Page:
Is it perspective or is that a large platter... ūüôā

The DeLorean Future Brews

I pull out my Mayan Calendar/Nostradamus Prophecies/Harold Camping Malarkey

There are a couple of these. When they are released, I’m sure you’ll all be shocked and impressed by my amazing predictions and the said brewers will curse me and try and sue me for industrial espionage. Little do they know it’s because of my converted Mazda 6 (with a DeLorean chassis) and the magic speed of 88 kilometres per hour (because 88 miles per hour is naughty and that really stupid ad on tele about Mantrol alludes that it’s not cool to drive your car at 141 km/h). Here they are…

A 2.7% mild hopped at around 17 IBU by Epic

A collaboration Imperial Mexican Lager between Three Boys Brewing and The Four Horsemen named The Seven Rancheros.

A beer made solely with peat by Yeastie Boys. Each bottle comes with a miniature peat spade to aid ingestion.

DB Breweries develop a new craft range beginning with a 9% Double IPA. Joseph Wood from Liberty Brewing acts as consultant.

In fact, I’m sure you’re all pretty adept at coming up with some Delorean Future Brews¬†yourselves… any suggestions??

All the best for 2012! Kelly

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The Totally Awesome New Zealand Craft Brewing Scene Part 2

So I left off in one of the better bars I’ve been to for ages, The Malthouse in Wellington, talking about the joys of the hop-bomb IPAs, Epic Armageddon and 8 Wired HopWired. Brewers Luke Nicholas and Soren Eriksen had proven that they were Hop Magicians but I was ready for something else to tantalise my already tingling tastebuds.

A couple of Moa beers appeared on the table (don’t you love how that happens!) and we cracked them open. Earlier in my trip I’d tried one of Moa’s brews called Weka Lager.

Kind of like the NZ bird of the same name, but wetter and maltier

I’ll be honest, I wasn’t massively impressed by this beer, even though it was well-made. It poured a hazy yellow-brown and had the tiniest hint of vanilla on the nose with a bit of toffee and caramel in the mouth. The bitterness was light, but persistent and there was quite a bit of top-palate dryness, something I recall from the Moa Original that I tried on my last trip home. The Weka was a decent malt-led lager but I just wanted a little more hop, there was the smallest hint of orange there, but it wasn’t the greatest lager I tasted on my trip home.

Saying that though, Moa seem like a pretty cool brewery and are doing some fascinating stuff. The Moa range uses quite a unique process for their bottle refermentation. Usually bottle conditioning results from residual yeast in the bottle fermenting out residual (or added) sugars in the beer, providing natural carbonation. Josh Scott, Moa’s Head Brewer (and a winemaker to boot) does a standard refermentation, but then utilises the technology that is used in Champagne production, freezes the yeast plug (that accumulates in the neck of the bottle when upside down), pops it out, re-caps it then it’s good to go. This means you get all the sensory pleasure that the subtle, smooth natural carbonation gives without the yeast in the bottom of the bottle. How cool is that!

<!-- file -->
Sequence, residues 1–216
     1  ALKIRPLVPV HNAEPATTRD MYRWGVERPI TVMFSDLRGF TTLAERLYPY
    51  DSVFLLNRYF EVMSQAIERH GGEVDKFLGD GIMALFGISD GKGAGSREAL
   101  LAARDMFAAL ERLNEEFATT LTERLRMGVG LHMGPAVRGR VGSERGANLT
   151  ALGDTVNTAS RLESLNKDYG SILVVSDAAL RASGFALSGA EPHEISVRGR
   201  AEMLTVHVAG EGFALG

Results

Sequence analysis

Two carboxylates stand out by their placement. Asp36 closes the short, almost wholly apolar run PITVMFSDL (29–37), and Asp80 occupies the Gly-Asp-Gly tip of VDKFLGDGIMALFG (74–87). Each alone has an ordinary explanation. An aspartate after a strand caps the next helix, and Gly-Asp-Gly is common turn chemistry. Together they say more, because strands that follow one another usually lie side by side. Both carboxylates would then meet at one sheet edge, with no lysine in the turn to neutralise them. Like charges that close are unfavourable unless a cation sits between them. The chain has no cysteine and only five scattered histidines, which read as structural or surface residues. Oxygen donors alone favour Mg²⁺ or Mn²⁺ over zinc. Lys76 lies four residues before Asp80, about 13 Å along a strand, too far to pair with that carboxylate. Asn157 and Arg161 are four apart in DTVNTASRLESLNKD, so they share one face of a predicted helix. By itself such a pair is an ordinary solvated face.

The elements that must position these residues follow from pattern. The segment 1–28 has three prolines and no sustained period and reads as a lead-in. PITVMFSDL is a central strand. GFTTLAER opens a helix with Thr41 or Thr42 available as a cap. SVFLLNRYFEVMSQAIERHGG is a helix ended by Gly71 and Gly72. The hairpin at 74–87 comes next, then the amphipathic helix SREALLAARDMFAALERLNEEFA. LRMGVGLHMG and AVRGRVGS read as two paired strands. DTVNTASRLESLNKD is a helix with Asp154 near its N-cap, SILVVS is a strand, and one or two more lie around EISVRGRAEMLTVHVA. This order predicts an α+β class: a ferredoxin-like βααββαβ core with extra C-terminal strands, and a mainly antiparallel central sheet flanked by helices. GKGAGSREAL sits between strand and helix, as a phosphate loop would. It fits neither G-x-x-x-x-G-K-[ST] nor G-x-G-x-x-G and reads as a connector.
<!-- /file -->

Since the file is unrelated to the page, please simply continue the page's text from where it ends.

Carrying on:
I’d heard that Moa beers were getting better and better, so was super excited that the two beers that had appeared on my table at the Malthouse were Harvest Moa and 5 Hop Barrel Reserve Moa. The Harvest is described as a wheat beer based lager and a natural cherry extract is added to give it a hint of fruit. The brew gave off a lovely perfumed, almost shampoo like aroma followed by a massive intensely floral hit. This was followed by a little mixed berry character and the tiniest hint of sulphur, which was nice. It was extremely clean in the mouth with a touch of mineral and little discernible malt (not necessarily a bad thing, as this was a great drinking beer). It finished really clean with the slightest hint of astringency. I was happy!

I was even happier after trying the 5 Hop Barrel Reserve! This poured a light copper colour and had a lovely tight, white foam head. The nose showed some similar mineral character that I had picked up in the Harvest but this was overpowered by some lovely dry fruit and rich coconut when in the mouth. It finished with some well integrated light vanilla subtleties and a touch of white chocolate. At 6% it showed little alcohol in the finish and just the smallest amount of acidity. It was a well balanced acidity nonetheless and something I sometimes notice in barrel aged brews.

My vision was beginning to blur slightly by now, so my camera sympathised...

Yeastie Boys’ Stu McKinlay then appeared with a glass of Invercargill Brewery‘s Smokin’ Bishop. Holy guacamole, was this a good beer! Gentle smokiness wafted from the glass and I was amazed at the sheer smoothness of the beer. Bourbon notes, all rich and caramel were followed by a slightly biscuity finish and just like that, I was in love. A 7% Bamberg style smoked bock from NZ’s southern-most brewery had won me over… I always have been a sucker for a dark malty brew though.¬† The Malthouse’s Colin Mallon then appeared with a couple of bottles of Yeastie Boys Pot Kettle Black, a beer I’d heard loads about and was eager to try. It was brilliant! A slight yet smooth citrus hop character, decadent caramel undertones and more smoothness, all mellow and gentle and luscious in the swallow. Stu brews this porter at then Invercargill Brewery and it did make me wonder if there’s something in the water down south, as both beers I’d tasted from the brewery were wicked!